What Would Jesus Drive? - Fragile Mansions (EyeSeeSound)

It’s hard not to instantly fall for a band with a name like What Would Jesus Drive. With a stark shakedown on religious belief surely on the cards, the name breeds the kind of pant-wetting salivation reserved only for the most dedicated atheist.

Released Feb 28th, 2011 via EyeSeeSound / By Richard Kemp
What Would Jesus Drive? - Fragile Mansions (EyeSeeSound) This four-piece make it very clear from the get-go that they’re not about to take down the monarchy nor spit on any conformist bastards. They are, however, here to have a ruddy good jig. Title track 'Fragile Mansions' comes off to a rollicking start with space-age air synth flying about harmless pop punk guitars that wind up to a sparkly crescendo. While all this goes on, lead vocalist Tim Box hollers out some entertaining quips at the modern club scene: "Here he comes with immaculate hair. Got the voice of an angel and clean underwear".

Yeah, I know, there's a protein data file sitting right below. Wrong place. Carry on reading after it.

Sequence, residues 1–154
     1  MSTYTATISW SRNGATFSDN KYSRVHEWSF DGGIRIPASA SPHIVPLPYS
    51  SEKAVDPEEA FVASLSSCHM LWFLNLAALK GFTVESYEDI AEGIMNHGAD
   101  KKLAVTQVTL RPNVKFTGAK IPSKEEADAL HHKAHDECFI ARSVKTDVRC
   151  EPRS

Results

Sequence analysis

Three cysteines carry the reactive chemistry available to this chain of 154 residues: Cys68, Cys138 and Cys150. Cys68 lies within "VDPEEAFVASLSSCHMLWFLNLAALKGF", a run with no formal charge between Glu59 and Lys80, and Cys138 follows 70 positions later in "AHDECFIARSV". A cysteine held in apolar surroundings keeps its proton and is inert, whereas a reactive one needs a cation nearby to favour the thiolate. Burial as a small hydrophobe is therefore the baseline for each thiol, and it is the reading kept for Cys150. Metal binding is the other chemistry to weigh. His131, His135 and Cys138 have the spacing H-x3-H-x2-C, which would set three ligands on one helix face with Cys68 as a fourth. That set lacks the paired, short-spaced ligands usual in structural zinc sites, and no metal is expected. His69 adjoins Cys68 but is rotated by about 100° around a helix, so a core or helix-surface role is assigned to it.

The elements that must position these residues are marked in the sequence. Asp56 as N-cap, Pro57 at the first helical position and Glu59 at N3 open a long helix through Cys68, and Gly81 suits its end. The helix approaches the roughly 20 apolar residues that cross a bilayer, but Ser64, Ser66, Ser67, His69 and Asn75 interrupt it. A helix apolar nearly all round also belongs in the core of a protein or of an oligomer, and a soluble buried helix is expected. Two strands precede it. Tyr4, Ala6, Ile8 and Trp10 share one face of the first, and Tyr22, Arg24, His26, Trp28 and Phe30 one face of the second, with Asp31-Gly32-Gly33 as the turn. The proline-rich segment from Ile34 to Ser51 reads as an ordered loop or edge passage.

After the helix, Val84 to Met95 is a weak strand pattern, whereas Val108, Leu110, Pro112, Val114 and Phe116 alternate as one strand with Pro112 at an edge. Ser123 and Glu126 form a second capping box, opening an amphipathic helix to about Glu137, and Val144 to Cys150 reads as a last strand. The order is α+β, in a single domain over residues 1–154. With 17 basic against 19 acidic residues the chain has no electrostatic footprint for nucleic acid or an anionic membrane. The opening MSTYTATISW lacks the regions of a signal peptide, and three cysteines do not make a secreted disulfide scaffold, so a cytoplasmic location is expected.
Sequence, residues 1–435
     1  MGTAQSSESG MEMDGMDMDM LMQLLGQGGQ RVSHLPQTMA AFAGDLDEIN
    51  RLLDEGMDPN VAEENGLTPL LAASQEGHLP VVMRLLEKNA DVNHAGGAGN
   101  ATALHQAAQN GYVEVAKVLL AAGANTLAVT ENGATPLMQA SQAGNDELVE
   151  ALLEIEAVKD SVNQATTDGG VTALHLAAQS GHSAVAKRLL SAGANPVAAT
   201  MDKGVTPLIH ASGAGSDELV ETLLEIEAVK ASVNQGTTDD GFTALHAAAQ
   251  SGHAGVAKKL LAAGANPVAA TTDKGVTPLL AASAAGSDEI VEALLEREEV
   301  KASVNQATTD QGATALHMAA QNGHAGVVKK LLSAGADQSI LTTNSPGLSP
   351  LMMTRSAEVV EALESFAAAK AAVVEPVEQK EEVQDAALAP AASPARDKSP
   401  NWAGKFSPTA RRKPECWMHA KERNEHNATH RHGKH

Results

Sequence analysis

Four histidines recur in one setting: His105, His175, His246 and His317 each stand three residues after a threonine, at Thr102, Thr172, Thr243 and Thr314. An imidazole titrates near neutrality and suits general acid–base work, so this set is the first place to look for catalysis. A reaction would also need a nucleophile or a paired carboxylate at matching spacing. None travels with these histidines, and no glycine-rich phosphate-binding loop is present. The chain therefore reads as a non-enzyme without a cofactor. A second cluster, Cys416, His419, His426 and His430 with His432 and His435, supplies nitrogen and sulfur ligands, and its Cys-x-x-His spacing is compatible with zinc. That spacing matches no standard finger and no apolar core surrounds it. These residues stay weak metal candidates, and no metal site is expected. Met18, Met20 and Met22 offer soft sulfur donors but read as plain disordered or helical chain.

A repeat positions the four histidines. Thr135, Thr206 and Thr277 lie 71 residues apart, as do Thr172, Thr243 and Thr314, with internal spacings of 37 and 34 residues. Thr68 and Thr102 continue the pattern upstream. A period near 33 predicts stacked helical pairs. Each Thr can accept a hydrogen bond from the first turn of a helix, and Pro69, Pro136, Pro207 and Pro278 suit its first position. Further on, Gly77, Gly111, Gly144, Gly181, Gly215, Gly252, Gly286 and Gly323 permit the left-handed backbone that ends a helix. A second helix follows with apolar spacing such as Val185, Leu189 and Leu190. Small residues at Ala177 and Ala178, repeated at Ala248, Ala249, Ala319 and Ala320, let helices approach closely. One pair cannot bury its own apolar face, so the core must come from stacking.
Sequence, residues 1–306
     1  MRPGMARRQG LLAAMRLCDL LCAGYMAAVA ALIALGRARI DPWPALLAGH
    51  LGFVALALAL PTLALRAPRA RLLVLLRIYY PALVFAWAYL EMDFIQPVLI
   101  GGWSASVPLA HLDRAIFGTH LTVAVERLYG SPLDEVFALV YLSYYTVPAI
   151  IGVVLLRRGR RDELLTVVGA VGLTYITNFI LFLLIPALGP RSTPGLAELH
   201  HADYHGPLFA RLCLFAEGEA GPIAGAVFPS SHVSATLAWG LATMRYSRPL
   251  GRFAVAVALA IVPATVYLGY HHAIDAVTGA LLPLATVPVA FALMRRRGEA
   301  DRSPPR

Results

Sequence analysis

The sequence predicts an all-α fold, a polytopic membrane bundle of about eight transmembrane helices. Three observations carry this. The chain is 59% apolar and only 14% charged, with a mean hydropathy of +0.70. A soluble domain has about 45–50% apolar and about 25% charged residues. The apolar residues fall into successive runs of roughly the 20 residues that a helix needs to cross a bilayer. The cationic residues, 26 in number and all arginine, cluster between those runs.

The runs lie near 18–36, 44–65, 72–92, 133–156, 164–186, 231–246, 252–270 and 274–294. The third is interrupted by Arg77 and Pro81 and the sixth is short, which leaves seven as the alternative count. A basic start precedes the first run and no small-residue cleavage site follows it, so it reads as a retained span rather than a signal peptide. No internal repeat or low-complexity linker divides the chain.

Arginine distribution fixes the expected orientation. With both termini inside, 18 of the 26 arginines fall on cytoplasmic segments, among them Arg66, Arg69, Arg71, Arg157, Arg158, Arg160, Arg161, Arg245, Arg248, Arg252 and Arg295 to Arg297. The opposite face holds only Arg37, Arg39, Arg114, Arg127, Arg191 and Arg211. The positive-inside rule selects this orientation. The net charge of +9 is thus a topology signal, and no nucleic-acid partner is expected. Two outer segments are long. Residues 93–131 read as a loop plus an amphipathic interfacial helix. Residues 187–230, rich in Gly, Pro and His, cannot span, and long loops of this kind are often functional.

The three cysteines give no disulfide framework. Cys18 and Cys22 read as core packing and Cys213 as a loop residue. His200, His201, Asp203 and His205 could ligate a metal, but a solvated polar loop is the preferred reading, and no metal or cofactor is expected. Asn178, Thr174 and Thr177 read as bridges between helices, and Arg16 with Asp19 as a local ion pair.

Second track 'Dirty Old Week' initially sounds like a Ting Tings cover until very promptly flipping into the more grungy side of pop punk. Box’s pounding vocal delivery alongside Amy Casey’s high-pitched offerings works far better in this song than in the title track, with the pair cracking out further jabs against meaningless, drunken culture: "I’m tired of the boys I’m with getting way too pissed on the way to the nightclub, I’m tired of girls I’m with leaning in for a kiss when they’ve only just thrown up."

The slightly ominous 'Watching Girls Fighting' drags you into a darker place from WWJD’s first two tracks while final number 'Victory' trails off quietly with Amy Casey’s vocals tingeing over her aching, lonely bass.

While WWJD don’t really try anything new with this release, Fragile Mansions’ production levels feel polished to a squeaky clean finish. There are plenty indie rock influences on their pop punk sound and, lyrically, they push out the kind of average man prose that made Arctic Monkeys so accessible, but there’s nothing to stop us looking at every other lo-fi indie punk band around. Their sparse use of twinkling air synth in the middle of a straight-up pop song is encouraging, so perhaps they could use more electronics to help themselves stand out on further releases. Also, although their lyrics are all too familiar, they have a brash realism to them that make them seem like something out of an episode of Eastenders were it written by Alan Bennett.

Performed live, WWJD most likely bring the party every time, but their recordings don’t offer enough of that distinction.